11. Kemp, P. R., Reynolds, J. F., Virginia, R. A., & Whitford, W. G. (2003). Decomposition of leaf and root litter of Chihuahuan desert shrubs: effects of three years of summer drought. Journal of Arid Environments, 53(1), 21–39.CrossRefGoogle Scholar
  12. Kim, K. H., Jahan, S. A., Kabir, E., & Brown, R. J. (2013). A review of airborne polycyclic aromatic hydrocarbons (PAHs) and their human health effects. Environment International, 60(5), 71–80.CrossRefGoogle Scholar
  13. Kuiper, I., Lagendijk, E. L., Bloemberg, G. V., & Lugtenberg, B. J. (2004). Rhizoremediation: a beneficial plant-microbe interaction. Molecular Plant-Microbe Interactions, 17(1), 6–15.CrossRefGoogle Scholar
  14. Kumar, V., Saikia, J., Barik, & Das, T. (2017). Effect of integrated nutrient management on soil enzymes, microbial biomass carbon and microbial population under okra cultivation. International Journal of Biochemistry Research & Review, 20(4), 1–7.CrossRefGoogle Scholar
  15. Lee, S. H., Lee, W. S., Lee, C. H., & Kim, J. G. (2008). Degradation of phenanthrene and pyrene in rhizosphere of grasses and legumes. Journal of Hazardous Materials, 153(1), 892–898.CrossRefGoogle Scholar
  16. Leigh, M. B., Fletcher, J. S., Fu, X., & Schmitz, F. J. (2002). Root turnover: an important source of microbial substrates in rhizosphere remediation of recalcitrant contaminants. Environmental Science & Technology, 36(7), 1579–1583.CrossRefGoogle Scholar
  17. Liang, X. C., Yan, W. D., Tian, D. L., Zhu, F., Wang, G. J., & Zheng, W. (2012). Phytoremediation of polycyclic aromatic hydrocarbons in soils by Cinnamomum camphora and impact factors. Journal of Central South University of Forestry & Technology, 32(12), 177–180 (in Chinese).Google Scholar
  18. Lin, C. F., Yang, Y. S., Guo, J. F., Chen, G. S., & Xie, J. S. (2010). Fine root decomposition of evergreen broadleaved and coniferous tree species in mid-subtropical China: dynamics of dry mass, nutrient and organic fractions. Plant & Soil, 338(1–2), 331–327.Google Scholar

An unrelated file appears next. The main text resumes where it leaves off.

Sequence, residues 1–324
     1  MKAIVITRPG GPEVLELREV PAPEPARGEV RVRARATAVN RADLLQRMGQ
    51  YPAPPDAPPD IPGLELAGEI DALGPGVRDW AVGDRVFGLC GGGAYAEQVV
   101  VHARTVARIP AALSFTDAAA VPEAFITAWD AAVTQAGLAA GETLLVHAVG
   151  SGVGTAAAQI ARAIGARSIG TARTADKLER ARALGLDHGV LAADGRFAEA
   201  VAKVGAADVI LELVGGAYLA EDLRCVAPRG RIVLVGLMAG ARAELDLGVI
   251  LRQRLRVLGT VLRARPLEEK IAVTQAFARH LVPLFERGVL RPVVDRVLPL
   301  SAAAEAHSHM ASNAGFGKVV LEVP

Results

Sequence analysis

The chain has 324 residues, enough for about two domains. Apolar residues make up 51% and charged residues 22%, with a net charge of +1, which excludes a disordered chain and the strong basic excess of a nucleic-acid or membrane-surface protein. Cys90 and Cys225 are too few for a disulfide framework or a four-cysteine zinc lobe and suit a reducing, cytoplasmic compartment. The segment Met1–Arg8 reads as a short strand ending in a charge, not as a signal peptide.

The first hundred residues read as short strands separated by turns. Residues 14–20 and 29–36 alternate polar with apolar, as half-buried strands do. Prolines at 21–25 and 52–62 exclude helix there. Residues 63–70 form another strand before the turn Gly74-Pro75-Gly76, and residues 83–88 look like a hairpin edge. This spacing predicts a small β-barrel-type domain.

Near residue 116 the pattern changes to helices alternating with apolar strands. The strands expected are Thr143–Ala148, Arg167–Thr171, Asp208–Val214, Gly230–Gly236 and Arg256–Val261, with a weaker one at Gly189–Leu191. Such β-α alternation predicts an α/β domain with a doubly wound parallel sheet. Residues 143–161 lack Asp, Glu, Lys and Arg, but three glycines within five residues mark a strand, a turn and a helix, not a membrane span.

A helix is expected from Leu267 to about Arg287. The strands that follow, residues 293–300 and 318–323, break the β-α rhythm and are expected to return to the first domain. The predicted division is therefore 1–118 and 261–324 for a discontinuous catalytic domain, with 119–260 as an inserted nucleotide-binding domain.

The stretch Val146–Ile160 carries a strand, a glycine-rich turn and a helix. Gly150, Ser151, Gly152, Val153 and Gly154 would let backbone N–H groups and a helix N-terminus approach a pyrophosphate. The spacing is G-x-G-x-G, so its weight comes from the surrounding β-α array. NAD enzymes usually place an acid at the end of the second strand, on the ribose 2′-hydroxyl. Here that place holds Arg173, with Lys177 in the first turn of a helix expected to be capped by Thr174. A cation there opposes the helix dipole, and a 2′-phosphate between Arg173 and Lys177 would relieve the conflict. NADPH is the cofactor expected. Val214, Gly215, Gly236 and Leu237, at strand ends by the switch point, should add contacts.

19. Liste, H. H., & Alexander, M. (2000). Accumulation of phenanthrene and pyrene in rhizosphere soil. Chemosphere, 40(1), 11–14.CrossRefGoogle Scholar
  20. Luo, Y. Q., Zhao, X. Y., Li, Y. Q., Zuo, X. A., Jie, L., & Tao, W. (2016). Root decomposition of Artemisia halodendron, and its effect on soil nitrogen and soil organic carbon in the horqin sandy land, northeastern China. Ecological Research, 31(4), 535–545.CrossRefGoogle Scholar
  21. Matsodoum Nguemté, P., Djumyom Wafo, G. V., Djocgoue, P. F., Kengne Noumsi, I. M., & Wanko Ngnien, A. (2018). Potentialities of six plant species on phytoremediation attempts of fuel oil-contaminated soils. Water, Air, & Soil Pollution, 229(3), 88.CrossRefGoogle Scholar
  22. Miya, R. K., & Firestone, M. K. (2001). Enhanced phenanthrene biodegradation in soil by slender oat root exudates and root debris. Journal of Environmental Quality, 30(6), 1911–1918.CrossRefGoogle Scholar
  23. Moretto, A. S., Distel, R. A., & Didoné, N. G. (2001). Decomposition and nutrient dynamic of leaf litter and roots from palatable and unpalatable grasses in a semi-arid grassland. Applied Soil Ecology, 18(1), 31–37.CrossRefGoogle Scholar
  24. Mueller, K. E., & Shann, J. R. (2006). PAH dissipation in spiked soil: impacts of bioavailability, microbial activity, and trees. Chemosphere, 64(6), 1006–1014.CrossRefGoogle Scholar
  25. Nguyen, C. (2003). Rhizodeposition of organic C by plant: mechanisms and controls. Agronomie, 23, 375–396.CrossRefGoogle Scholar
  26. Parrish, Z. D., Banks, M. K., & Schwab, A. P. (2005). Effect of root death and decay on dissipation of polycyclic aromatic hydrocarbons in the rhizosphere of yellow sweet clover and tall fescue. Journal of Environmental Quality, 34(1), 207–216.CrossRefGoogle Scholar
  27. Salt, D. E., Smith, R. D., & Raskin, I. (1998). Phytoremediation. Annual Review Plant Physiology and Plant Molecular Biology, 49(49), 643–668.CrossRefGoogle Scholar
  28. Setiawati, T. C. (2014). Correlations between soil microbe and soil chemical properties in limestone mining area: case study at Southern Jember Indonesia. International Conference on Chemical, Environment & Biological Sciences, Sept. 17–18. Kuala Lumpur (Malaysia).  https://doi.org/10.15242/IICBE.C914048.
  29. Shahsavari, E., Adetutu, E. M., Taha, M., & Ball, A. S. (2015). Rhizoremediation of phenanthrene and pyrene contaminated soil using wheat. Journal of Environmental Management, 155, 171–176.CrossRefGoogle Scholar